Battling against the increasingly difficult task of providing festival goers with international music, this staple of the festival scene always finds new ways to charm and expand its horizons.
WOMAD, or as reggae’s washed-up star Ken Boothe repeatedly called it last year during his Thursday night headline set, ‘The World’s Festival’ is a celebration of music and culture across the planet. It is ambitious, political, brilliant, and struggling to survive in a world where it becomes more and more difficult to bring in artists from overseas due to racist government policy.
Last year, artists were pulling out all over the place, and Tal National had to pull off an exceptional show, despite missing half the band who had to be left at the border. The line-up this year reflects that; the names are getting smaller, and the bigger artists tend to be from America and Europe. The mounting costs of paying for top artists from countries not on the British government’s list of acceptable countries has significantly degraded the level of headliners.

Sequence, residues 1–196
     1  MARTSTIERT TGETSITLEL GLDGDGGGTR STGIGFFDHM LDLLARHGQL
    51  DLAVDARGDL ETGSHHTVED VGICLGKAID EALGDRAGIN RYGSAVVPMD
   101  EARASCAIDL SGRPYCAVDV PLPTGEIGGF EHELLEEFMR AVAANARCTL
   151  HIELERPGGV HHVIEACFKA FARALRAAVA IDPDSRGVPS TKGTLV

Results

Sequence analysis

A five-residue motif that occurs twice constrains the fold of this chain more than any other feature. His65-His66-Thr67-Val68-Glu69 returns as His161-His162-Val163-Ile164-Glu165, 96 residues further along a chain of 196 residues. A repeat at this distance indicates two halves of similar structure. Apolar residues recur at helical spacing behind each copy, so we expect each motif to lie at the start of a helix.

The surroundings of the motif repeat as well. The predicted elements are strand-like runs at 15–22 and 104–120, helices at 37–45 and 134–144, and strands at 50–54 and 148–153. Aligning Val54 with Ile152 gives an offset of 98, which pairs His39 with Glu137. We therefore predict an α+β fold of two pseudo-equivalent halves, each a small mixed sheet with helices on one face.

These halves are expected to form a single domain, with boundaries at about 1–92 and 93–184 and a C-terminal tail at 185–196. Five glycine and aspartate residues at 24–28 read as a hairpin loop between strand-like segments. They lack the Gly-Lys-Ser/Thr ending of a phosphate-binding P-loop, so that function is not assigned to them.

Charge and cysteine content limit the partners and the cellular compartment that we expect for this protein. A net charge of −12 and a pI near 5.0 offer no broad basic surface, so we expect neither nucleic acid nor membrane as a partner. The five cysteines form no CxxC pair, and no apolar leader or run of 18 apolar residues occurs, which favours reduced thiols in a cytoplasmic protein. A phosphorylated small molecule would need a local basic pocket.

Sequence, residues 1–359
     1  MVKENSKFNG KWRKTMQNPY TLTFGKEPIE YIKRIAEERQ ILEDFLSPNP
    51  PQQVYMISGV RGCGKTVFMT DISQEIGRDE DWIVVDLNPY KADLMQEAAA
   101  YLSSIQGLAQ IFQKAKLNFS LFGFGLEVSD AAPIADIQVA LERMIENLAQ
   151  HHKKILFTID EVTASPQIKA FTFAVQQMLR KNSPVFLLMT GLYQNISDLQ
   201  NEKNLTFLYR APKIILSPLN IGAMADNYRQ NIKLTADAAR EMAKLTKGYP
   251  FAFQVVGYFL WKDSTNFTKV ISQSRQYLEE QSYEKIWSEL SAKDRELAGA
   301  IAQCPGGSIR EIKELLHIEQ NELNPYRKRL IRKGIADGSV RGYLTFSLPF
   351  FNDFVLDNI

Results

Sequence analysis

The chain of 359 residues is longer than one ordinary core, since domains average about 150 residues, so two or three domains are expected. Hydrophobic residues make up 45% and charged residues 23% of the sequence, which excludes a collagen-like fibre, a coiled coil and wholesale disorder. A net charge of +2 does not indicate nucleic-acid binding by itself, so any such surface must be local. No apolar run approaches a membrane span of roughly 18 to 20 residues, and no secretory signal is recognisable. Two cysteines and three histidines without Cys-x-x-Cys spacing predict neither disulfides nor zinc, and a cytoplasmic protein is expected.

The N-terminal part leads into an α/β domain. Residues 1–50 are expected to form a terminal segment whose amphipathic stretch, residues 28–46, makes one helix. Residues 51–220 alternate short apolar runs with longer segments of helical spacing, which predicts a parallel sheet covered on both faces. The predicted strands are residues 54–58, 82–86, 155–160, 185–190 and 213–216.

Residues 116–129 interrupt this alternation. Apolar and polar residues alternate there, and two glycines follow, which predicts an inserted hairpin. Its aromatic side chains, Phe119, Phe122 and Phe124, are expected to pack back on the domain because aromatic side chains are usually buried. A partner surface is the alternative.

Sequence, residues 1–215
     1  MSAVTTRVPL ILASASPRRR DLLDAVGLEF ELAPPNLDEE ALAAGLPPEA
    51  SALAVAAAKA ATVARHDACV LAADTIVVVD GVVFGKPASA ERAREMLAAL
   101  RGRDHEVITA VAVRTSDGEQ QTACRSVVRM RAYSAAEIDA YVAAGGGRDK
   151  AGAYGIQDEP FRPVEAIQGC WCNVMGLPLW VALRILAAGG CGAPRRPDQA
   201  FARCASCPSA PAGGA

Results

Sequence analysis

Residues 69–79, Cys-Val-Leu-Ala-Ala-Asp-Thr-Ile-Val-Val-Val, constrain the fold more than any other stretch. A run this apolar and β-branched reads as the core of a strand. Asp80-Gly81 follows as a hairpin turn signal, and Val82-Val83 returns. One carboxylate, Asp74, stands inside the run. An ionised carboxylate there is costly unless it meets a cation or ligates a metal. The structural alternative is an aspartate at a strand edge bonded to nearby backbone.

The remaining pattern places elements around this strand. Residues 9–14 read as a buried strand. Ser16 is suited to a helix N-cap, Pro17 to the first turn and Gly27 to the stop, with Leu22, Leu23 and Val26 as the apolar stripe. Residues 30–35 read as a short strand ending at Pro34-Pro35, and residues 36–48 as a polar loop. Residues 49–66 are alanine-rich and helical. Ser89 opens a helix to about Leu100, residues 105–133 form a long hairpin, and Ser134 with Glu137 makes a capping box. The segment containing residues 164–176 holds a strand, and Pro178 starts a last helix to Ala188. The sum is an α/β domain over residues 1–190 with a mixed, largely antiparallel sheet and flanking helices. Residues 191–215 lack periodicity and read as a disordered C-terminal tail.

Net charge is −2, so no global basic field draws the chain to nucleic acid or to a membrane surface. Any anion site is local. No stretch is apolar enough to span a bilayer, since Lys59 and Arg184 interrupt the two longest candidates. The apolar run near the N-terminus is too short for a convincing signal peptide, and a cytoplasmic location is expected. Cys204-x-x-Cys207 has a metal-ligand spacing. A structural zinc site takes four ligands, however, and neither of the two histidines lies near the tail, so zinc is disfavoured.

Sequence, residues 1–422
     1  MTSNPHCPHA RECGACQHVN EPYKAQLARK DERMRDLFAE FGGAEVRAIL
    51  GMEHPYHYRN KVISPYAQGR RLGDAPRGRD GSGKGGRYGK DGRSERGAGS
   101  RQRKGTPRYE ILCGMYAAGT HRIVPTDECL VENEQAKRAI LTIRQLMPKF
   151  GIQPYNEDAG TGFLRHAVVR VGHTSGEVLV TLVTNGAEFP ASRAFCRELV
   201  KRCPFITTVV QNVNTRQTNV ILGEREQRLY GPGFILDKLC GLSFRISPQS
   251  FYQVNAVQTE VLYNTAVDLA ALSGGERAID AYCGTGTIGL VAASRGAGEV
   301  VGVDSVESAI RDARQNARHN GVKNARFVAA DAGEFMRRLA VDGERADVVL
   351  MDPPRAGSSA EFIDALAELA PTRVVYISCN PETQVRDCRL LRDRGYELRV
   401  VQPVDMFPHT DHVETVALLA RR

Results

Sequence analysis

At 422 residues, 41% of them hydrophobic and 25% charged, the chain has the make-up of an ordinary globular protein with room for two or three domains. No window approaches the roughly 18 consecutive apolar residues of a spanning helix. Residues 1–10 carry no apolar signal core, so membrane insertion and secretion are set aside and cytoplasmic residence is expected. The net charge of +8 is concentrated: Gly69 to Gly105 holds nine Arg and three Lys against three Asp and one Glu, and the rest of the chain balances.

Despite this, they can still pull in some big acts. DamienMarley, although a bit 10-years-ago, will be a popular edition, and if you are not excitably screaming ‘I try’ as loud as you can when MacyGray dons the main stage, then there is no pleasing you.
However, WOMAD is not a festival where you go just to see the headliners. Its beauty is that evening Siam slot where there’s a Georgian choral group, IberiChoir, or an Indonesian gamelan dance troupe, Kyai FatahillahEnsemble. WOMAD delivers an eclectic selection of folk, jazz, and all sorts, allowing for experimental, boundary-pushing music on its audiophile d’n’b stage. If you’re willing to listen to anything and experience everything, then this is the festival for you.